1) Quality control. For example, issues of quality control might involve basic curriculum matters, the promotion and tenuring of faculty colleagues, and come into play in other “gate-keeping” areas.
2) Impact assessment. In some areas in particular it is true that no unit within the university is an island unto itself. Changes made in some areas (e.g., curriculum) could cross school boundaries and affect other units.
3) Symbolic unity. In some areas, it may be especially important that faculty are and perceive themselves to be working jointly toward common objectives
4) Shared interests in a unity of voice. On some issues it may be particularly important that faculty are able to speak with a single voice.
Several issues should be examined with respect to autonomy on matters involving research. These areas include: (1) Establishing priorities for research and the allocation of resources for research (e.g., indirect cost returns, FRAP, etc.); (2) The creation and review of centers, institutes, and laboratories; (3) Compliance policies (e.g., IRB, treatment of animal research subjects); (4) Efficiency in management of grants and related activities.
Questions were raised about the issues for which it is appropriate for university level review to take precedence. Examples were offered regarding when the Council on Research has an important role to play as an advisory or oversight body. It was suggested that situations do exist where the University might be adversely affected if the Council on Research does not conduct a review, such as compliance matters involving animal and human research subjects. It was pointed out that teaching and research frequently go hand in hand, so that changes in research policies could affect teaching and the general teaching environment. It also was suggested that questions of efficiency and equity would be raised if individual units all negotiated different policies in areas of research.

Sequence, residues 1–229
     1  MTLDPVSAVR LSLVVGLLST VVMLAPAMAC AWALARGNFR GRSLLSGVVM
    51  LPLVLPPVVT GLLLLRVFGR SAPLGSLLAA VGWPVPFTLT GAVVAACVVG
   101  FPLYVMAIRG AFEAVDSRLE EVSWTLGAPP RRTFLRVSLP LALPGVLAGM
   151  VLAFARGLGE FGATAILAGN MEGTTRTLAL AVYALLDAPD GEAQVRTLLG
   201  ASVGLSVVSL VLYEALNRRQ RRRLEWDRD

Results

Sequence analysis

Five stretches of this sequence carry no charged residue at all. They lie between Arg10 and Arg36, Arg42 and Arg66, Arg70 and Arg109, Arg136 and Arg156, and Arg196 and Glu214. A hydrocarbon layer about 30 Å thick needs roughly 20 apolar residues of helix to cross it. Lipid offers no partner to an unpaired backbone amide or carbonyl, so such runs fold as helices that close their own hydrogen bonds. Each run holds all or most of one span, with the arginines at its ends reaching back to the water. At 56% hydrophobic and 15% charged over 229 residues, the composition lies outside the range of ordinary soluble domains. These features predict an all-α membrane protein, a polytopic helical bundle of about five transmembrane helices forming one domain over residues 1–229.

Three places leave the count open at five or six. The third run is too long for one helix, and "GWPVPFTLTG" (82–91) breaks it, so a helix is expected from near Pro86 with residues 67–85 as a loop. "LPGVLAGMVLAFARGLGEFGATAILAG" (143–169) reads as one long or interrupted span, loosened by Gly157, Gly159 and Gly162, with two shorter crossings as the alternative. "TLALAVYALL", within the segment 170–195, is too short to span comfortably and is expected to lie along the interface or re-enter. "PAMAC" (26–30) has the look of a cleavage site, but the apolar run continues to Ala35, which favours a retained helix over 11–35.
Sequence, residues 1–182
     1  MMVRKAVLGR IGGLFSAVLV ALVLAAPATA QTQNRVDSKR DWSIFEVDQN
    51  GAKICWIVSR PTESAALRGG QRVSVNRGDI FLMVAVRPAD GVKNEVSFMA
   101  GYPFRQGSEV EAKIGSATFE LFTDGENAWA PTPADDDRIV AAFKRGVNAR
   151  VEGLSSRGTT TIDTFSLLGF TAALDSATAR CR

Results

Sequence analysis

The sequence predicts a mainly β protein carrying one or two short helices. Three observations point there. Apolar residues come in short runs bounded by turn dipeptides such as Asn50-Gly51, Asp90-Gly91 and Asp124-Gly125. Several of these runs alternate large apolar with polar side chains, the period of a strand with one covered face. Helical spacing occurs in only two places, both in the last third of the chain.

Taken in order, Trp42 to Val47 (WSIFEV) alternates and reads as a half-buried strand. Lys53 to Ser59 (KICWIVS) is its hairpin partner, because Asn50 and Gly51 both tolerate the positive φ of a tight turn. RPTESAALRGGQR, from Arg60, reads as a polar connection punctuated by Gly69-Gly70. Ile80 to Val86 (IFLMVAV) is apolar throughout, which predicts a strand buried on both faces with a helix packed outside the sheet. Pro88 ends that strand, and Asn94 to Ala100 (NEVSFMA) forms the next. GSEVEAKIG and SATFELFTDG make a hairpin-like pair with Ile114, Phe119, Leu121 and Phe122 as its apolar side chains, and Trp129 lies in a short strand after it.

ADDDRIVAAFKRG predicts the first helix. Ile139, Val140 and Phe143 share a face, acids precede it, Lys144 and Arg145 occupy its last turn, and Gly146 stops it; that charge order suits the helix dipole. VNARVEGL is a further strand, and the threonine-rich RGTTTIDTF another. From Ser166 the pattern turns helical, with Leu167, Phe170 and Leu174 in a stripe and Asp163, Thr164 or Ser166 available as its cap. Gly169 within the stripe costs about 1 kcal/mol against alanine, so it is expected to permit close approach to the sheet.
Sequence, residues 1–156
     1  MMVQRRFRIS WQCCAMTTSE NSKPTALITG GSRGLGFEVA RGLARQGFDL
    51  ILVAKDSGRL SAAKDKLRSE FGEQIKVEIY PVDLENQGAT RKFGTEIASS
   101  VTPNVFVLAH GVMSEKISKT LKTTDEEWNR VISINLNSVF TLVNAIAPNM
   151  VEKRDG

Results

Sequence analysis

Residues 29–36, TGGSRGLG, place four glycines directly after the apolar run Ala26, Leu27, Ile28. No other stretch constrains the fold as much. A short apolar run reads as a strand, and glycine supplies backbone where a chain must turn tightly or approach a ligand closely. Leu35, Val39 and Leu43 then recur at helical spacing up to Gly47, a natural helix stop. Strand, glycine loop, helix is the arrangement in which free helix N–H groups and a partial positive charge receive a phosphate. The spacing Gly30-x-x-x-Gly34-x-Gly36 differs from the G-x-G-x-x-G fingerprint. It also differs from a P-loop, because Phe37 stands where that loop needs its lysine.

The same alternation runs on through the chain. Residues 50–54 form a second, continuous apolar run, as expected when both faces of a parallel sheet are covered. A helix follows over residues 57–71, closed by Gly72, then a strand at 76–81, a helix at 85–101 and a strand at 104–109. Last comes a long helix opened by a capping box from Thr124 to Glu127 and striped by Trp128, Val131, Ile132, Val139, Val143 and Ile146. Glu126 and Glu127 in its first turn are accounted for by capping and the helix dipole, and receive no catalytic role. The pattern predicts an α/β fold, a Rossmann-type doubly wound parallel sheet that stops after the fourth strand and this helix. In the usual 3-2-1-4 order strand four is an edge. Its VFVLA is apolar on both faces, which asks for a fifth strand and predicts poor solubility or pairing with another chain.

Discussion turned to research centers and institutes and implications for greater decentralization. It was pointed out that to the extent such centers compete for external research funds, allowing competition could be desirable. It was suggested that although not all centers are subsidized by university funding, centers commonly rely on university funds for start-up and operating costs, thus making the perspective allowed by a centralized review process especially useful. The Council of Research has been instrumental in the past in ensuring appropriate consultation between and even within academic units concerning the creation of research centers and institutes. It was suggested that the real issue did not involve whether councils like the Council of Research should be eliminated, but rather carefully distinguishing between matters that should be controlled centrally versus locally.